Associated Press story claiming fraud from post traumatic stress syndrome is stereotypical bad reporting and not real
Editor – the media are locked in the past when they print stories that portray people with disabilities as either heroes conquering all or shirkers collecting disability pensions. Last week AP printed another in the long line of unsubstantiated reports that many PTSD claims were fraudulent. In tide of new PTSD cases, fear of growing fraud. The story is simply not true. Veterans for common sense responds.
By VCS – On May 1, the Associated Press printed an incomplete and inaccurate article about veterans who file disability claims against the Veterans Affairs Department (VA) for post traumatic stress disorder (PTSD).
Without citing a source, AP wrote, “The problem: The [VA claims] system is dysfunctional, an open invitation to fraud. And the VA has proposed changes that could make deception even easier.”
AP is wrong, and VCS asked AP to correct the story. As of May 8, AP has not responded to our request for a correction.
Here are two very important facts AP overlooked. If AP had included these two facts, then readers would understand more about VA and veterans suffering with PTSD after deploying to the brutal Iraq and Afghanistan wars, sometimes two or three times.
Fact Number One – There is no Fraud Problem
There is no widespread fraud problem at VA. Out of more than one million claims per year, less than a score are ever investigated for fraud.
Furthermore, in November 2005, VA auditors randomly selected 2,100 approved PTSD claims. After an exhaustive investigation, VA issued a press release confirming VA found zero cases of fraud. VA has extensive methods to prevent fraud, contrary to AP’s baseless assertion. AP should have mentioned VA’s investigation and findings.
VA’s 2005 investigation began when a reporter at the Chicago Sun Times observed VA pays different average amounts in disability benefits based on a state-by-state comparison, according to VA’s own statistics. The true culprits for the different ratings? The Veterans Benefits Administration (VBA), the agency within VA responsible for processing claims suffers from poor leadership, staff shortages, insufficient oversight, and a lack of consistent training, leading to poor quality decisions that are often prematurely denied.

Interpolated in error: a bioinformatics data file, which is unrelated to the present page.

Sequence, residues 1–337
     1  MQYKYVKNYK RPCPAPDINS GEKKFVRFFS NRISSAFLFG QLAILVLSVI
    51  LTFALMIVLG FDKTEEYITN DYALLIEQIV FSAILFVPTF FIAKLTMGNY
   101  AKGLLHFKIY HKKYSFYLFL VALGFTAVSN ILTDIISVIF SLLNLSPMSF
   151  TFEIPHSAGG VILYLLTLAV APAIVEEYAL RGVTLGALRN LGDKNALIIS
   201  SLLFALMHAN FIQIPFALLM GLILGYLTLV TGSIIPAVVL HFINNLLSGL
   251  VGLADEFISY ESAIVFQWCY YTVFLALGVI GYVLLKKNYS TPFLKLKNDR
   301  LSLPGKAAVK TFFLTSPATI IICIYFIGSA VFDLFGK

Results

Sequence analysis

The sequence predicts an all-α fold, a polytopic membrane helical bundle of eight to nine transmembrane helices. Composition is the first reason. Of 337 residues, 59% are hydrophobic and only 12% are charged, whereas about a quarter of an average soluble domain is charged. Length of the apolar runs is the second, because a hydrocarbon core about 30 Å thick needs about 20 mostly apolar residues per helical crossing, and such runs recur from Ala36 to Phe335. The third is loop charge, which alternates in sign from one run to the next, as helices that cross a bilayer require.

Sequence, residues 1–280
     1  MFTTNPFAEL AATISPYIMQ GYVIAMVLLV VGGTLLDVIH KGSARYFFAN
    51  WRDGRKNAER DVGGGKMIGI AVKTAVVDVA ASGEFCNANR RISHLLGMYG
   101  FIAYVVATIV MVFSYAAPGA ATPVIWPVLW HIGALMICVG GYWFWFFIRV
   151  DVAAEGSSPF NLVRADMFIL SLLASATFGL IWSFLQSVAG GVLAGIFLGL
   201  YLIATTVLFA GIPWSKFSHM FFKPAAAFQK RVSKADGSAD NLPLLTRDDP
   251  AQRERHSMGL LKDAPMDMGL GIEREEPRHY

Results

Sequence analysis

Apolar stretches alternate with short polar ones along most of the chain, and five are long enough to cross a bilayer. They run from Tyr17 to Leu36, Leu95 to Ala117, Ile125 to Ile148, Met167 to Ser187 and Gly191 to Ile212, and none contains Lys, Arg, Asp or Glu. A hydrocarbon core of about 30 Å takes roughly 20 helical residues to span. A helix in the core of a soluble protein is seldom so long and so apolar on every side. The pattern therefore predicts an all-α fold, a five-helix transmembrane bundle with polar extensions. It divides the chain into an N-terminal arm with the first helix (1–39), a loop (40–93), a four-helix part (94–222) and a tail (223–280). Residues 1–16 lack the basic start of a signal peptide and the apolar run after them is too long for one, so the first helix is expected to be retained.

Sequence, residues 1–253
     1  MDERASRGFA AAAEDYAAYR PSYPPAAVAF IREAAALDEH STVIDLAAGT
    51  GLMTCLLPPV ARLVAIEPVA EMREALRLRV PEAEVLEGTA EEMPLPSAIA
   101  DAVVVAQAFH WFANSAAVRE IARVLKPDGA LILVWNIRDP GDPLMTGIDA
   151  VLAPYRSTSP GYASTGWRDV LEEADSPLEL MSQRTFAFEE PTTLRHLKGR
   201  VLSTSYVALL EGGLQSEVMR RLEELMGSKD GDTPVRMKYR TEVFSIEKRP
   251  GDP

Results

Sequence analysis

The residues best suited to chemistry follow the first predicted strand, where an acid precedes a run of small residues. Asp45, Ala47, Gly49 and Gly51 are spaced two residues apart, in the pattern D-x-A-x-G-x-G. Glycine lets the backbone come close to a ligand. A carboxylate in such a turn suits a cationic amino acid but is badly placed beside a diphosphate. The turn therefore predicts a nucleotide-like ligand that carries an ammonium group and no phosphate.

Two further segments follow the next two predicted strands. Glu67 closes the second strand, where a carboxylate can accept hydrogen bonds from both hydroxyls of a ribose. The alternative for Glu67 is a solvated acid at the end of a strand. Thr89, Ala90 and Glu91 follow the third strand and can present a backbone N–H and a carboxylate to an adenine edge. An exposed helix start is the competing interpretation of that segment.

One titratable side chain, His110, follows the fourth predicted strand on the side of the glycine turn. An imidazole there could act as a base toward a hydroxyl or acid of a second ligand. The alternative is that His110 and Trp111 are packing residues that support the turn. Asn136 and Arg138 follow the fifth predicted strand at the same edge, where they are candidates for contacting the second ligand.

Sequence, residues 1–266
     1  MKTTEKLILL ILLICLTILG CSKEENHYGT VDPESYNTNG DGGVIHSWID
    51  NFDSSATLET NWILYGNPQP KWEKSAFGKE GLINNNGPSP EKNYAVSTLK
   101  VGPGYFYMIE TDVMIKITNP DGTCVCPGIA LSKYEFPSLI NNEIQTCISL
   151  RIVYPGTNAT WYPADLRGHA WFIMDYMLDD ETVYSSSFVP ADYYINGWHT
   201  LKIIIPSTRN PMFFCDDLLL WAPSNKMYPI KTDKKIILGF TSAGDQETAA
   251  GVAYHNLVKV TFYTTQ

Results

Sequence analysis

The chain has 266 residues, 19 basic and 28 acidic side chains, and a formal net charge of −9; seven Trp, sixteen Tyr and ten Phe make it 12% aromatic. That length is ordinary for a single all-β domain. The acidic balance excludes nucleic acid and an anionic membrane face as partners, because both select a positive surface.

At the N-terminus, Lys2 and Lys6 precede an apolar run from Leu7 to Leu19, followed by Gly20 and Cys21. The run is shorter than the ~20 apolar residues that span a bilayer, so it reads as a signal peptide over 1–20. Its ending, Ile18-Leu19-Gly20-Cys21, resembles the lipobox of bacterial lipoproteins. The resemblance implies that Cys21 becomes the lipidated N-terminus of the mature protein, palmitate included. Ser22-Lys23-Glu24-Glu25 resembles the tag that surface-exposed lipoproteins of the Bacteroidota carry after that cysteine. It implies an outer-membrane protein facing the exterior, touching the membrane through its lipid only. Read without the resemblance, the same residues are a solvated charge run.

Recent audits of VBA indicate VBA makes a mistake in one out of every four claims, a tragic and catastrophic quality failure most often harming veterans. VA Secretary Shinseki is taking bold steps to address VBA’s systemic challenges, and he has broad support among veterans’ groups. There is a huge difference between a VA error and an allegation of fraud against veterans, and AP appears to have confused the two.
Fact Number Two – PTSD is Very Real
AP asserted the standards for reviewing PTSD claims will be “loosened,” an assertion made without attribution. In contrast to AP’s speculation, VA’s proposed new standards will be based on scientific evidence.
VA and independent scientists overwhelmingly agree the diagnosis of PTSD is very real. Our goal at VCS is for the scientific evidence to match VA’s rules for obtaining disability benefits and health care. That’s responsible, and that’s fair.
Here’s a briefing for returning service members showing VA knows PTSD is real. VA’s guide also offers practical information on what to expect and what to do when a service member returns home from war.
Here’s what independent scientists found. On November 15, 2007, the Institute of Medicine (IOM) at the National Academy of Science reviewed scores of peer-reviewed and published scientific studies and validated the diagnosis of PTSD is associated with deployment to a war zone. In their review, “Gulf War and Health, Volume 6,” IOM concluded:
The epidemiologic literature on deployed vs nondeployed veterans yielded sufficient evidence of an association between deployment to a war zone and psychiatric disorders, including post traumatic stress disorder (PTSD), other anxiety disorders, and depression; alcohol abuse; accidental death and suicide in the first few years after return from deployment; and marital and family conflict, including interpersonal violence (page 319).
AP should have reported on the IOM’s scientific findings.
The escalating suicide epidemic among active duty service members and veterans represents clear and convincing evidence of the tremendous psychological impact of war. Repeated deployments into war zones where car bombs and roadside bombs are daily and deadly events killing and maiming our troops as well as innocent civilians underscore the exposure to enormous psychological trauma of our service members.